The Federal Reserve: The United States Monetary policy is set by the Federal Reserve. Post the economic crash of 2008, the Feb has aimed took steps to help foster recovery and counter the effects of the crash. Since 2015, the Fed has been seeking to ‘normalise’the monetary policy. This means returning the short term interest rate to more normal levels and reducing the size of the Fed’s balance sheet. During the second half of 2018, the Fed gradually increased the federal fund rate bringing It to the current range of 2 ¼ – 2 ½ on the back of strong labour market and economic expansion.
In its latest meeting in June, the Fed voted unanimously to maintain the interest rates at 2.25%-2.50% as inflation was in line with committee’s 2% objective. However, with the increased volatility expected in the second half of 2019 due to prolonged trade negotiations and global uncertainty, Chairman Jerome Powell announced that the Fed would be monitoring the global economic and financial development and be patient as it determines any future adjustments to the target rate. The Fed has also continued balance sheet normalisation since 2017, reducing its treasury and agency securities. The total assets declined by $260 billion ending the period close to $4 trillion.
European Central Bank: The ECB’s primary objective is to maintain price stability by keeping inflation rates below but close to 2%. After the ECB meeting in June, it was announced that the interest rates will remain unchanged with rate on marginal lending facility at 0.25% and rates on the deposit facility at -0.40%. The ECB has continued with its trend of keeping interest rates relatively low and negative in order to combat low inflation and a deflationary spiral. This is due to the fragile state of the European economy, with the ECB cutting it’s already dismal growth forecast of 1.7% down to 1.1%. ECB’s President Mario Draghi to step down later this year, but his replacement Christine Lagarde, currently serving as Managing Director and Chairwoman of the International Monetary Fund, is likely to offer policy continuity.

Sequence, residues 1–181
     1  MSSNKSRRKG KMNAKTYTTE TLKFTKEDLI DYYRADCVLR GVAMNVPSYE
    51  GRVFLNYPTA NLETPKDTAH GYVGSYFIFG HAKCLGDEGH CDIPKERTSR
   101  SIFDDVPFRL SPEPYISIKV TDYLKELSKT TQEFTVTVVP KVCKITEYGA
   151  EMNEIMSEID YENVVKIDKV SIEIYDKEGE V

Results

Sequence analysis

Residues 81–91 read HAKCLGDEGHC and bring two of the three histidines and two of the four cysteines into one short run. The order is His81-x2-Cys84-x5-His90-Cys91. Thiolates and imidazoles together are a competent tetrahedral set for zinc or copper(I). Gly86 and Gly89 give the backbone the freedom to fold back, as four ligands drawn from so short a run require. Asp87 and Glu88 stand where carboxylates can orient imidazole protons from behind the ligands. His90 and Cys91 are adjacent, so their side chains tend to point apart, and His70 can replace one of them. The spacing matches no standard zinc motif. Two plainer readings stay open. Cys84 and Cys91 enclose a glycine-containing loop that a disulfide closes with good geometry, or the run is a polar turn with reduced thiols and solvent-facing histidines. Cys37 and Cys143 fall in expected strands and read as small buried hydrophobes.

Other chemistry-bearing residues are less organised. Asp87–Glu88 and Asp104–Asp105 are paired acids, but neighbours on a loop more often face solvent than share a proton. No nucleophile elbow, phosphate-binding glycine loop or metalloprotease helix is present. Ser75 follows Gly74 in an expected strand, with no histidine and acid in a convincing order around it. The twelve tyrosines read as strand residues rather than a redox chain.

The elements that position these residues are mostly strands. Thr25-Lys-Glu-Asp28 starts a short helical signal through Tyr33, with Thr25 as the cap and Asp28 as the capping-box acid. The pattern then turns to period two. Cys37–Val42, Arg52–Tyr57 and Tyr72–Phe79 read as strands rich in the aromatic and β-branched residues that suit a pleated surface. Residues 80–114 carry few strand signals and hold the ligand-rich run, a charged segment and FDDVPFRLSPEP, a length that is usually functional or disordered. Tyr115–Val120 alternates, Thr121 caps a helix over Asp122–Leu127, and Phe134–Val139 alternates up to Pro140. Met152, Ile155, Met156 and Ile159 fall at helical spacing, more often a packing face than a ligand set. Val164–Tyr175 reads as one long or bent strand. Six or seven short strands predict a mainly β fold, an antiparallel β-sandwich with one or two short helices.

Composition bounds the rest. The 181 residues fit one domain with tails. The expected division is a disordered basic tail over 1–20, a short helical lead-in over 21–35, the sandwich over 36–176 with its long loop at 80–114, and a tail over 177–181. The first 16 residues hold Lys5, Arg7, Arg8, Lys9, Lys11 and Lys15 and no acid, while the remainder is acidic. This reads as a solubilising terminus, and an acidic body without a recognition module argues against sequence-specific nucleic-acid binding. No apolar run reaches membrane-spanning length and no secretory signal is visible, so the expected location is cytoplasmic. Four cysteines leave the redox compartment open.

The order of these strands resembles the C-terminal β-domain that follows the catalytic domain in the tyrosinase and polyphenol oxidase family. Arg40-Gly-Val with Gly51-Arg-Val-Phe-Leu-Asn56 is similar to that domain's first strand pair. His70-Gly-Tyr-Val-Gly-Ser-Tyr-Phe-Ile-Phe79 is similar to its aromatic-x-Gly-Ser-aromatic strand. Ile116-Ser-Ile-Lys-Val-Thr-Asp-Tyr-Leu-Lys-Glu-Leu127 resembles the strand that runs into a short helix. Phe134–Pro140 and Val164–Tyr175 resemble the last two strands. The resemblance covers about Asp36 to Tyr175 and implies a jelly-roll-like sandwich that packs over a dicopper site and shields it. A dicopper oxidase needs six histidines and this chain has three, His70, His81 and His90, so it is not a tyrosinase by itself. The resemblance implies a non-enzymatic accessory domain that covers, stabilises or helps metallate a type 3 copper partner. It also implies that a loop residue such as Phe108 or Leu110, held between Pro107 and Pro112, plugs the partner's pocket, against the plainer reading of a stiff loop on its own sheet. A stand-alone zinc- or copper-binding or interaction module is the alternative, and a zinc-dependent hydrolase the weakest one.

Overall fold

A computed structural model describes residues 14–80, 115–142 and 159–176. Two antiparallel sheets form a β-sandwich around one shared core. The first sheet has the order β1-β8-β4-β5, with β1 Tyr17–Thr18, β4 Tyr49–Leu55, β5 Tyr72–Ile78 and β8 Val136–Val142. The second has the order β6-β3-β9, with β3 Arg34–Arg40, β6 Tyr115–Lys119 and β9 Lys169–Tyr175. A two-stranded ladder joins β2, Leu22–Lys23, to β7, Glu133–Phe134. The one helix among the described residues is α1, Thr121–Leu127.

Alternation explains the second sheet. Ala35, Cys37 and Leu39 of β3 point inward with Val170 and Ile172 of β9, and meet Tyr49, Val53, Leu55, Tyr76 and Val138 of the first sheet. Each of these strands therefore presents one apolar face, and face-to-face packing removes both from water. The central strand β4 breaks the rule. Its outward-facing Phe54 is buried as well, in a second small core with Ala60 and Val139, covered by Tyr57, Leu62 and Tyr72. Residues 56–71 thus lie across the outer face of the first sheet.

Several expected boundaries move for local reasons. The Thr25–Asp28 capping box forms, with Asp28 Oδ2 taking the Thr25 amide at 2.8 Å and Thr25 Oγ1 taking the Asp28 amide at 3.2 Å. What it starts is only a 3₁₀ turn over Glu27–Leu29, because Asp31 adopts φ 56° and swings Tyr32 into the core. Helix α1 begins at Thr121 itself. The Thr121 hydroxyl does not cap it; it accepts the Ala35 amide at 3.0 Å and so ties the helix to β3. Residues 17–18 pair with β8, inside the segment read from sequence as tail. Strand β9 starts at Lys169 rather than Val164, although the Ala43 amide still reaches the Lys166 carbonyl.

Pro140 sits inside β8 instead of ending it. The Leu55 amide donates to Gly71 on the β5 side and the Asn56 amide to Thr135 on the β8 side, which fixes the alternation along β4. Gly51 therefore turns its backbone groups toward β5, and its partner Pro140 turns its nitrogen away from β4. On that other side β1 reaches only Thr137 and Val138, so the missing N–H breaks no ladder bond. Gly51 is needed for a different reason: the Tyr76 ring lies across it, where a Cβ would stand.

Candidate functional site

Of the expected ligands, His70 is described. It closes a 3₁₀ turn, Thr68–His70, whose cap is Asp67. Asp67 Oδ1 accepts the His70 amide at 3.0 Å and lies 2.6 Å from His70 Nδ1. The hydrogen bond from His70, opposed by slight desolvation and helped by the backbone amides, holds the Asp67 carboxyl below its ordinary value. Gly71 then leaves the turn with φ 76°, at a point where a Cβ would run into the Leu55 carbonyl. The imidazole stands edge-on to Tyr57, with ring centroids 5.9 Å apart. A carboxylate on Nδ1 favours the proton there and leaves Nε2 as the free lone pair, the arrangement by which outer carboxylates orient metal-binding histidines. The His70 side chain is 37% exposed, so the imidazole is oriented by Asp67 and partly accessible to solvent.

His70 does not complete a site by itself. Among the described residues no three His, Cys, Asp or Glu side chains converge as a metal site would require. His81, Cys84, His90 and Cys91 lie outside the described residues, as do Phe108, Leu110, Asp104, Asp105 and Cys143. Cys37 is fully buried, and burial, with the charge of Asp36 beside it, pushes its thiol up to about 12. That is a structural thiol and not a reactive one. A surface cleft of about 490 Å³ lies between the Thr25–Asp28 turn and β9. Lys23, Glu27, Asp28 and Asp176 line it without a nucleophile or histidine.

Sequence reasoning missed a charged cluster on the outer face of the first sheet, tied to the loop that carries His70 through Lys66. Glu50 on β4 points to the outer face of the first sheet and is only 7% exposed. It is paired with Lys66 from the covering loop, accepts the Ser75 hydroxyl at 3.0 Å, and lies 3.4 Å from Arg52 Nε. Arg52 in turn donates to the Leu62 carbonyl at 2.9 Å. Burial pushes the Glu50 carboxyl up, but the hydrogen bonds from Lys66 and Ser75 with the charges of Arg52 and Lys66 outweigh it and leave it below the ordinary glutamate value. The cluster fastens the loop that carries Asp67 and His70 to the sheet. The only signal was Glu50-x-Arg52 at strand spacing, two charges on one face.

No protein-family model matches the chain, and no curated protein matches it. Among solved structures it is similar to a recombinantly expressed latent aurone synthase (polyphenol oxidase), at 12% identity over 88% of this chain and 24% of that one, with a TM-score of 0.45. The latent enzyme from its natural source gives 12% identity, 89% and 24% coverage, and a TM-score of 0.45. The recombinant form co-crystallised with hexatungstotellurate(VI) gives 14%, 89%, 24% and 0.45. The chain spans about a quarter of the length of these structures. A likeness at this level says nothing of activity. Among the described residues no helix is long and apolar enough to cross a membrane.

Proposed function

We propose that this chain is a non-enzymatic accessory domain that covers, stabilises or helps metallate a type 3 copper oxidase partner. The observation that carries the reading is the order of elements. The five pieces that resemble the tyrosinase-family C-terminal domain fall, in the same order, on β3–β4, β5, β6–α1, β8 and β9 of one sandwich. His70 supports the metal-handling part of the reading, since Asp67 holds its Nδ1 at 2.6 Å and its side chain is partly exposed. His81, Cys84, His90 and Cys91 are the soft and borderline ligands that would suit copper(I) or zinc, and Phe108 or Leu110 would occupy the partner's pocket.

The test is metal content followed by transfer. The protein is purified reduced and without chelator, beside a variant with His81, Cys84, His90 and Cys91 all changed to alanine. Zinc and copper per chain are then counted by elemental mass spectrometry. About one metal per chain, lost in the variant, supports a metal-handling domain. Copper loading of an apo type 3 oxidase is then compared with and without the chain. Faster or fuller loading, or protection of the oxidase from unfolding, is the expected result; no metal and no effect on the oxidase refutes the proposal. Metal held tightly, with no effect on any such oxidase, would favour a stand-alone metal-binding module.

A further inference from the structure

Chinese Central Bank: The People’s Bank of China, China’s central bank announced it would maintain a prudent monetary policy in a bid to maintain the stability of the Chinese currency. At a quarterly meeting earlier in the year, the Chinese policy that always had terms ‘neutral’ and ‘prudent’ removed them, indicating quantitative easing could be in the offing. The Central Bank has cut the amount of reserves the banks need to set aside five times in the last year to increase lending to small and medium businesses.
China’s recent worries have been compounded by the Trade War with the US, but China’s reluctance to back down has been supported by its Central Bank. The PBOC Governor Yi Gang signalled that there was tremendous room for policy adjustment if trade war deepens, suggesting he is not opposed to cutting interest rates.
Indian Central Bank: The Reserve Bank of India (RBI) is the central bank of India. In early June the six member monetary policy committee decide to slash the repo rate at which it lends to the commercial banks to 5.75% from 6%. The RBI Governor Shaktikanta Das said that this is in line with the medium term inflation target of 4% as well as the objective of supporting growth. This rate cut means that the repo rate has dropped to its lowest level since 2010 and should increase liquidity within the economy. The RBI also changed its stance from ‘neutral’ to ‘accommodative’ in light of a slowdown to further comfort investors.